South Beach is losing its luster among the wealthy as crowds of spring breakers bring in noise, garbage, and wild parties

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South Beach, Miami, is no longer as hot as it used to be.

At least, that's the case in the real estate market.

Fewer wealthy people are buying homes in the area - and it's partly because of the neighborhood's growing attraction as a spring break destination. So reported Candace Taylor for The Wall Street Journal: "Once famous for its art deco architecture and nightlife, it is gaining a reputation for crowds and wild partying," she wrote.

In the first quarter of 2019, South Beach condo sales fell by 11.6%, according to a Miller Samuel report. That stands out compared to trends across Miami-Dade County, where sales increased by less than one pe cent year or year, per the Real Deal. Across South Florida, sales have slowed overall.

More parties, less peace

College students are flocking to South Beach thanks to new hotels and efforts by other spring break destinations to curb partying, Taylor reported. Once there, they're creating brawls, traffic, and litter - all turn offs to high-end buyers. The glamorous neighborhood has also gained unwelcome grit: one real estate agent told Taylor that how "loud" and "dangerous" the neighborhood can be has led to lost appeal.

Meanwhile, chic dining, once limited to South Beach, has expanded to elsewhere in Miami, like Tigertail + Mary in in Coconut Grove and Ember Miami in the Design District.

Read more: NYC has a penthouse problem, LA has a mansion problem, and Miami has a condo problem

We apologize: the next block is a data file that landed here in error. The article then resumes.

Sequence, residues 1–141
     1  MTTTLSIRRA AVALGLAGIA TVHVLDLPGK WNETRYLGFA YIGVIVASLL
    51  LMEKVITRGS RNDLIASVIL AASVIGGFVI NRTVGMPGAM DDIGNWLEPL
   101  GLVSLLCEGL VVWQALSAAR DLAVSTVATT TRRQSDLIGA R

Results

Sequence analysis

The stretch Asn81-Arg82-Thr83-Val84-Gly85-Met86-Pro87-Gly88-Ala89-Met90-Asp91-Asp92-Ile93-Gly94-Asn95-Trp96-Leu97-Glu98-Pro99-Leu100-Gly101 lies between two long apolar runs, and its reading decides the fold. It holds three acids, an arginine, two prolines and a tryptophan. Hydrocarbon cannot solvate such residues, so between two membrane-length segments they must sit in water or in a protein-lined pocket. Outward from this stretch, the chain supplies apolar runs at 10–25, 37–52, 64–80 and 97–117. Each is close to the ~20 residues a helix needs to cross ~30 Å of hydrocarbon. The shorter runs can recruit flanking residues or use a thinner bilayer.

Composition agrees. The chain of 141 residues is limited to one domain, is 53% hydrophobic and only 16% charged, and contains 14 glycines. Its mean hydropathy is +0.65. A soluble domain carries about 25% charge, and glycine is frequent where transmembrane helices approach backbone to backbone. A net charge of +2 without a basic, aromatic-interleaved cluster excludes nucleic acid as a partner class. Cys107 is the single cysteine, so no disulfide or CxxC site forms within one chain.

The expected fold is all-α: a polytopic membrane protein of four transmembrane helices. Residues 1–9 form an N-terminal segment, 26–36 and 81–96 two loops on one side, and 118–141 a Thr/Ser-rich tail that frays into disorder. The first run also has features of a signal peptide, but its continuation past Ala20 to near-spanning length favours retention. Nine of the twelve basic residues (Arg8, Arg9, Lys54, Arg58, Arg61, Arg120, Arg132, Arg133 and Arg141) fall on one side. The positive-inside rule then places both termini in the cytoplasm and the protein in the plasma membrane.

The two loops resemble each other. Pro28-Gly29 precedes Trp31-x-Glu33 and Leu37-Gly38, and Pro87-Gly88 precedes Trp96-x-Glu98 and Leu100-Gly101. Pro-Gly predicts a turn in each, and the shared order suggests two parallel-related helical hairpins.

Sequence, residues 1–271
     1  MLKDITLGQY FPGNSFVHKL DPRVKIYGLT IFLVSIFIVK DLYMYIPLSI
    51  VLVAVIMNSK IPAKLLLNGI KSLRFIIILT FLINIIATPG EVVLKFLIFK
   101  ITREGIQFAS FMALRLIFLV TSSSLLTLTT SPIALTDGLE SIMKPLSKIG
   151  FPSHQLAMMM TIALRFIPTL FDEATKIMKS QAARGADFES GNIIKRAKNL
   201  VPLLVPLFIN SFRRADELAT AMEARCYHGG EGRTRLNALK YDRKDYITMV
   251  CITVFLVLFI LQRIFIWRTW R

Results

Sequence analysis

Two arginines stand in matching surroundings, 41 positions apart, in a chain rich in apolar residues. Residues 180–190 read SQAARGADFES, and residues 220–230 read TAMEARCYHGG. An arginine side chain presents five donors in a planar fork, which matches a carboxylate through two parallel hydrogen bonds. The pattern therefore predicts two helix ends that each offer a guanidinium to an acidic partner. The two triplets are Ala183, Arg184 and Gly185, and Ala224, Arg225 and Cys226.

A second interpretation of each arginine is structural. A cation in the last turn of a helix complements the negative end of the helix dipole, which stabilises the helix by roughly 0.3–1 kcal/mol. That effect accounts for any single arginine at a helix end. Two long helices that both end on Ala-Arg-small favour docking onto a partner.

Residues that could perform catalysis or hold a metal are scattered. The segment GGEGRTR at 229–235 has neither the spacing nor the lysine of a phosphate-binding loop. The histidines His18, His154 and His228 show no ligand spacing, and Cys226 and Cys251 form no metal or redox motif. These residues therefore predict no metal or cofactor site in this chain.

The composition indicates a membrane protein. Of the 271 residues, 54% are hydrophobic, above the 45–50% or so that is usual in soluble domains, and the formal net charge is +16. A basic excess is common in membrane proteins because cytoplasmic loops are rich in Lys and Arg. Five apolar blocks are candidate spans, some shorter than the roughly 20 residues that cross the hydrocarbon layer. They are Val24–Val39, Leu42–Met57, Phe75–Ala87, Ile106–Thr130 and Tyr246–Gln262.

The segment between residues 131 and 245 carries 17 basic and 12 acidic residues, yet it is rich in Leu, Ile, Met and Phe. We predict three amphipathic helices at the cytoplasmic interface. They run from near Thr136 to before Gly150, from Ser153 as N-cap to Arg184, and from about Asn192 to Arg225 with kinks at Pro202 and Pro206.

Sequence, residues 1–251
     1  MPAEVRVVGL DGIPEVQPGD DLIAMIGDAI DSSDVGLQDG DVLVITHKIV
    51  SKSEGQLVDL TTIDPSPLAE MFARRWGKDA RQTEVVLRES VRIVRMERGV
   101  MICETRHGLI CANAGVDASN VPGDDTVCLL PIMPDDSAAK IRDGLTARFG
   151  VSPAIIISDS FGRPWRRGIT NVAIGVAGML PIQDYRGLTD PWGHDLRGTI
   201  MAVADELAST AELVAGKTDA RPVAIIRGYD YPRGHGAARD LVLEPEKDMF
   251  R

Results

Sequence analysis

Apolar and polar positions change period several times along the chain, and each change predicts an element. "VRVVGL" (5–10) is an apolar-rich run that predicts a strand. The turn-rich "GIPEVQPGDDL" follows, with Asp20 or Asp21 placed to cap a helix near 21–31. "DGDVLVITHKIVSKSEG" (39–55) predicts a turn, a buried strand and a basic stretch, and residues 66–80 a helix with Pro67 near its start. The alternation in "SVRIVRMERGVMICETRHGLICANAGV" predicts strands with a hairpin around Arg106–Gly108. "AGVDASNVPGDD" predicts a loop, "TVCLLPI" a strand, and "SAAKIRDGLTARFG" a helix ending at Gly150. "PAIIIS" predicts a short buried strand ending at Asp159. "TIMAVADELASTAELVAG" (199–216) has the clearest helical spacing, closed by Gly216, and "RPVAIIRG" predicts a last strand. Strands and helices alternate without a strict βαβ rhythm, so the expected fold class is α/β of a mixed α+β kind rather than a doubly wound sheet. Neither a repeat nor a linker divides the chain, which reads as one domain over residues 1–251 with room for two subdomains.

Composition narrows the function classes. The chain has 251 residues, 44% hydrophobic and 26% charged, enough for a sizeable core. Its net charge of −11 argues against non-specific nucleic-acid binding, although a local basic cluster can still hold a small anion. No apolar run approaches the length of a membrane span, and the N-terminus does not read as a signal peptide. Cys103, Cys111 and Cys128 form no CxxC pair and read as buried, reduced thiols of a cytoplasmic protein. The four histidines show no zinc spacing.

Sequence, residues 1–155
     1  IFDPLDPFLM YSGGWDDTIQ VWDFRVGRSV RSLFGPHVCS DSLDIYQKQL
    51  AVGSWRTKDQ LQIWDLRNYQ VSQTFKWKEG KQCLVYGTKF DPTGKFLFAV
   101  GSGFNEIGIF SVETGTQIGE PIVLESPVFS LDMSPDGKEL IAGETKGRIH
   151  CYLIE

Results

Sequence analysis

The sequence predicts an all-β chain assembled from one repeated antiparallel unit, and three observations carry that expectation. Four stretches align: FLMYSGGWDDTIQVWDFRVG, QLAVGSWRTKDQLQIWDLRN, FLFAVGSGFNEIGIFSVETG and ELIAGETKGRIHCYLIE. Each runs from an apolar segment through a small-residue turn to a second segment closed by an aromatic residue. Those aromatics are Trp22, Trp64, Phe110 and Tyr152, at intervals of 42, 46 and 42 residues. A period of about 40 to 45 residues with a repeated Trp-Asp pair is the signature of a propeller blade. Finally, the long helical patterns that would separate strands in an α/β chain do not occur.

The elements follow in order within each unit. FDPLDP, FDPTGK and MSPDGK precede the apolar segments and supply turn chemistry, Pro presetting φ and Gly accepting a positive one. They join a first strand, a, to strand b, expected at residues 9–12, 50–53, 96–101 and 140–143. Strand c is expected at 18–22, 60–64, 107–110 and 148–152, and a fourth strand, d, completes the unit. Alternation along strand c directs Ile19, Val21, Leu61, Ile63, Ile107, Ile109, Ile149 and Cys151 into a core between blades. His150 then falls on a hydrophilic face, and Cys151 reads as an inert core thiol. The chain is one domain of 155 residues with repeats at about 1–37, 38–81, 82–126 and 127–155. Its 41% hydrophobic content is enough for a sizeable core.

The South Beach dip signals larger luxury woes

In a separate article for The Wall Street Journal, Taylor reported that the city is faced with a surplus of condos due to economic forces, climate change, and evolving buyer preferences. Its high-end real-estate market has slowed in recent years, with condo sales in Miami Beach decreasing by 24% over the past four years, she observed.

In turn, some of these condos are taking years - like four to six - to finally sell, or so Jerry Iannelli reported for Miami New Times in 2018.

Big cities nationwide are dealing with a luxury real-estate surplus. New York City is oversaturated with penthouses, which have been sitting on the market for months or even years. Some eventually receive a drastic price cut or are carved into two smaller apartments, Business Insider's Katie Warren previously reported.

Meanwhile, Los Angeles has a glut of mega-mansions and not enough buyers, reported Katherine Clarke for The Wall Street Journal.

Meanwhile, Miami sellers are hoping that wealthy buyers fleeing high-tax states like New York and California will turn up the heat in the real estate market. Maybe a movie trailer would help.

Read the full article at The Wall Street Journal »

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